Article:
[SOLVED] Fix the Bash Bad Substitution Syntax Error

The Bash bad substitution error is a syntax error that can be caused by different reasons. Two common causes for this error are the incorrect use of command substitution and incorrect characters added to the lines of your script, for example extra dollar signs or white spaces.

For example, this error occurs when you want to use command substitution but by mistake, you use curly braces instead of parentheses.

Command substitution allows you to store the output of a Bash command into a variable.

I created a simple example to show you how this error occurs when using command substitution incorrectly.

Let’s use command substitution to store the output of the command ls -al in the variable OUTPUT.


OUTPUT=${ls -al}
echo "$OUTPUT"

When I execute the code I see the following output:

(localhost)$ ./subst.sh
./subst.sh: line 3: ${ls -al}: bad substitution

According to the error, there’s something wrong with line 3.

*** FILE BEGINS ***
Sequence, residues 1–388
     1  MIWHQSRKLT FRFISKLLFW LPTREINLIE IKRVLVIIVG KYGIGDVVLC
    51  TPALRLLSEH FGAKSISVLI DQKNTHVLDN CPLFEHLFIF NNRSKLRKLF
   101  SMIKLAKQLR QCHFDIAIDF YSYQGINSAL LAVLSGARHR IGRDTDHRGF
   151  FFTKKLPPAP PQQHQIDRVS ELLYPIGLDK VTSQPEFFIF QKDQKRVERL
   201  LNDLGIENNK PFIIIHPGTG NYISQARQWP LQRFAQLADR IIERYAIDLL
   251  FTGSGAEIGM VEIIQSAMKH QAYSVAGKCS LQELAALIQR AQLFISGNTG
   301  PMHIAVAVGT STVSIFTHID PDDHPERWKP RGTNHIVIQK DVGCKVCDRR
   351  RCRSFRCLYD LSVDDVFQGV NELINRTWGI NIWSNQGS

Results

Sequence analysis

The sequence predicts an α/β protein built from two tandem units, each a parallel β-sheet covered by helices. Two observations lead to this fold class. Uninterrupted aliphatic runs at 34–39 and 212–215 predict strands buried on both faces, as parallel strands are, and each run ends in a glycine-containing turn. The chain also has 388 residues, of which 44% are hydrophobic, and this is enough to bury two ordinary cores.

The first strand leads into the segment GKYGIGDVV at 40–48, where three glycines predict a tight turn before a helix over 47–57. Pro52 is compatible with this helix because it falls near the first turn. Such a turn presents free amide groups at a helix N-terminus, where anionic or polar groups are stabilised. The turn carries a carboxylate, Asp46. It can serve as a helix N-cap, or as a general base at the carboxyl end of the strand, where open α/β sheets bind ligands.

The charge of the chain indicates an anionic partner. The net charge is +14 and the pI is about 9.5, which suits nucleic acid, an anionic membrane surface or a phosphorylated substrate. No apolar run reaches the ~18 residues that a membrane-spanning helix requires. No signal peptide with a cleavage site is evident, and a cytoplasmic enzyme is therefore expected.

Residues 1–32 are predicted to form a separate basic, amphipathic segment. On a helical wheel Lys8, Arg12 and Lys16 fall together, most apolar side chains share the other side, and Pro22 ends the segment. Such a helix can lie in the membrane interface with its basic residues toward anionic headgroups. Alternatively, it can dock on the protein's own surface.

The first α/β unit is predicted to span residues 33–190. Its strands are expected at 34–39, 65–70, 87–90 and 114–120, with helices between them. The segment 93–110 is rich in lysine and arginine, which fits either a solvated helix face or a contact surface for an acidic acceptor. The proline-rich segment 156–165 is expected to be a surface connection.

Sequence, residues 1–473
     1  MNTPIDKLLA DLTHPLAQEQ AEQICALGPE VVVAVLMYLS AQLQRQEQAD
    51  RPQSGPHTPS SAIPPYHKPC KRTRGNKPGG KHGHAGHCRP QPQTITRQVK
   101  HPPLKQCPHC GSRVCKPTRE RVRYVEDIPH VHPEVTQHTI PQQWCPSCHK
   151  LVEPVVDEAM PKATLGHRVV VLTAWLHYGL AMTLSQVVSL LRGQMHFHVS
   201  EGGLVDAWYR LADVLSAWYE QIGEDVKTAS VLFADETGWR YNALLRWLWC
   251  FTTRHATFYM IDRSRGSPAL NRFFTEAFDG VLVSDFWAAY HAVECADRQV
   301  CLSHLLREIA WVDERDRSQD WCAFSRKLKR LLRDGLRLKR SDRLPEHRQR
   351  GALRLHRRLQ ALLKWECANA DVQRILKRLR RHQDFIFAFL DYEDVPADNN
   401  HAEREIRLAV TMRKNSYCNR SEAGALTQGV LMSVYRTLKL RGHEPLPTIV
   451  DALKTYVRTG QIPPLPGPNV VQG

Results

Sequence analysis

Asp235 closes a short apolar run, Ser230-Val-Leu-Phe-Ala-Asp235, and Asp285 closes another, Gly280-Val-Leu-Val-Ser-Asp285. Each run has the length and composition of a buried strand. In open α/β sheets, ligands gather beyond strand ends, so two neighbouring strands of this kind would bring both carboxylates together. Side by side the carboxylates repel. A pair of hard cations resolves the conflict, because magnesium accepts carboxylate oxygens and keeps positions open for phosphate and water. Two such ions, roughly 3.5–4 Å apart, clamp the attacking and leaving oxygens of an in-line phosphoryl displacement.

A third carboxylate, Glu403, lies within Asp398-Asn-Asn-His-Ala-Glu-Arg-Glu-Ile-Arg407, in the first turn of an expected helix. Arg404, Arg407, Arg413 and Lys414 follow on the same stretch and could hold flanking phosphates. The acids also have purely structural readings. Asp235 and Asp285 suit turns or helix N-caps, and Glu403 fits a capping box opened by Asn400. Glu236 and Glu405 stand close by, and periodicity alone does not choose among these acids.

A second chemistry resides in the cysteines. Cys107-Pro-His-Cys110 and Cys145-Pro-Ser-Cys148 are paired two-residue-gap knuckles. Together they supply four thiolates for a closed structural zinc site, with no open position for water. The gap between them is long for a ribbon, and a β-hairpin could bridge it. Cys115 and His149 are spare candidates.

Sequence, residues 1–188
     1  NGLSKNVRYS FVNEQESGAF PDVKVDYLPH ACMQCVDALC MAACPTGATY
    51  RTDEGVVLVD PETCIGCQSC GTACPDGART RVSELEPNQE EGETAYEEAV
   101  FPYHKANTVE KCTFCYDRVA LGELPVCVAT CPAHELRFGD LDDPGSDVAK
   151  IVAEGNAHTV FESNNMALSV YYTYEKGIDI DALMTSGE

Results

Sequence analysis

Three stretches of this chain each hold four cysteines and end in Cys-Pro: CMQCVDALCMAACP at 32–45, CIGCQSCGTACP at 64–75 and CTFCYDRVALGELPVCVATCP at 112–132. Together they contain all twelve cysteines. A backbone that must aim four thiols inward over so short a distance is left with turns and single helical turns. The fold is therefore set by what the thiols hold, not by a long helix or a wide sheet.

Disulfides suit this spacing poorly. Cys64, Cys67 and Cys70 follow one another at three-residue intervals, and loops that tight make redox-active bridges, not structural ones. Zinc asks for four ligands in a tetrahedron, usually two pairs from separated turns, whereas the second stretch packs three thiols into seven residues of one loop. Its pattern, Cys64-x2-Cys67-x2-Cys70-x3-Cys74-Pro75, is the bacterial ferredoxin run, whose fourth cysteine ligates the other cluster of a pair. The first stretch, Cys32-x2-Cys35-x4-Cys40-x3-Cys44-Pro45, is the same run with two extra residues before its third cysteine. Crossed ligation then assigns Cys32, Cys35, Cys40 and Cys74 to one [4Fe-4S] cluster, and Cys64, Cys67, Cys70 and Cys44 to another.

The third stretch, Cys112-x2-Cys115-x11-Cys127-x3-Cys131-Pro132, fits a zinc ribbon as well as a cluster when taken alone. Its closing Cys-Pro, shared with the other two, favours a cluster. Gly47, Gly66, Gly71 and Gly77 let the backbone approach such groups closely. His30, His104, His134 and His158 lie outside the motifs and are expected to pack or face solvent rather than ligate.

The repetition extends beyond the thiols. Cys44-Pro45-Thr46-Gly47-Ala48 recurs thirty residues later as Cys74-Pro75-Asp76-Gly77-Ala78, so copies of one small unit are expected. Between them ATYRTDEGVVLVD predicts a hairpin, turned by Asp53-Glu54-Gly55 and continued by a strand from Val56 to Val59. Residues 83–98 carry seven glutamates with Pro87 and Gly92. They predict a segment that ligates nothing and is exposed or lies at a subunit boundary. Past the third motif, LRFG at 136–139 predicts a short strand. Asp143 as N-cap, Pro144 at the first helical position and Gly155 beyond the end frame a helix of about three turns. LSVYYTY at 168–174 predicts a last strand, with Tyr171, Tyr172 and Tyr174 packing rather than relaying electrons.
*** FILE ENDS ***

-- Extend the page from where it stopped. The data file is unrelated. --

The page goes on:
I used ${ } around the ls command while command substitution requires $( ) around the command.

Let’s replace curly brackets with parentheses and rerun the program:


OUTPUT=$(ls -al)
echo "$OUTPUT"

Now the output is:

(localhost)$ ./subst.sh
total 8
drwxr-xr-x   4 myuser  mygroup  128 Jul 26 12:57 .
drwxr-xr-x  29 myuser  mygroup  928 Jul 26 12:54 ..
-rwxr-xr-x   1 myuser  mygroup   45 Jul 26 12:56 subst.sh
-rw-r--r--   1 myuser  mygroup    0 Jul 26 12:55 testfile

This time the script works well. We have fixed the error.

Bad Substitution Error Caused by White Spaces

This error can also be caused by the presence of white spaces in your code that go against Bash syntax.

I have modified the last line of the script we have created in the previous section:


OUTPUT=$(ls -al)
echo "${OUTPUT }"

I added curly brackets around the OUTPUT variable, I also added a white space before closing the curly bracket to show you what happens.